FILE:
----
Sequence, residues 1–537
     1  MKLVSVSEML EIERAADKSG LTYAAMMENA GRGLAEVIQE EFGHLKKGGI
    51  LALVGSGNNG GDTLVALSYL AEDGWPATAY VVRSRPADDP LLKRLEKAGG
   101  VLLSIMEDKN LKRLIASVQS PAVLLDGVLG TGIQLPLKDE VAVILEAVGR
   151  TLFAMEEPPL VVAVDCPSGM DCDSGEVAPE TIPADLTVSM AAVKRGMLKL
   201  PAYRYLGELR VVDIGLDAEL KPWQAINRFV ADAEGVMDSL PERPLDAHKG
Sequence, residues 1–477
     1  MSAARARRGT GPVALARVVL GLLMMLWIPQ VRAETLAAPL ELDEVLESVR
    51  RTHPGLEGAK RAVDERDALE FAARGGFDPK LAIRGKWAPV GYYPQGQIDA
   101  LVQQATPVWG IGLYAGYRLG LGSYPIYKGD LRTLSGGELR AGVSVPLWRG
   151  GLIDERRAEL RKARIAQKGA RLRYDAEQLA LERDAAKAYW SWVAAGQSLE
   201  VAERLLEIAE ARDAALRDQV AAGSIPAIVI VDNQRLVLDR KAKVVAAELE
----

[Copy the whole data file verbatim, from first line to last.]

Sequence, residues 1–537
     1  MKLVSVSEML EIERAADKSG LTYAAMMENA GRGLAEVIQE EFGHLKKGGI
    51  LALVGSGNNG GDTLVALSYL AEDGWPATAY VVRSRPADDP LLKRLEKAGG
   101  VLLSIMEDKN LKRLIASVQS PAVLLDGVLG TGIQLPLKDE VAVILEAVGR
   151  TLFAMEEPPL VVAVDCPSGM DCDSGEVAPE TIPADLTVSM AAVKRGMLKL
   201  PAYRYLGELR VVDIGLDAEL KPWQAINRFV ADAEGVMDSL PERPLDAHKG
Sequence, residues 1–477
     1  MSAARARRGT GPVALARVVL GLLMMLWIPQ VRAETLAAPL ELDEVLESVR
    51  RTHPGLEGAK RAVDERDALE FAARGGFDPK LAIRGKWAPV GYYPQGQIDA
   101  LVQQATPVWG IGLYAGYRLG LGSYPIYKGD LRTLSGGELR AGVSVPLWRG
   151  GLIDERRAEL RKARIAQKGA RLRYDAEQLA LERDAAKAYW SWVAAGQSLE
   201  VAERLLEIAE ARDAALRDQV AAGSIPAIVI VDNQRLVLDR KAKVVAAELE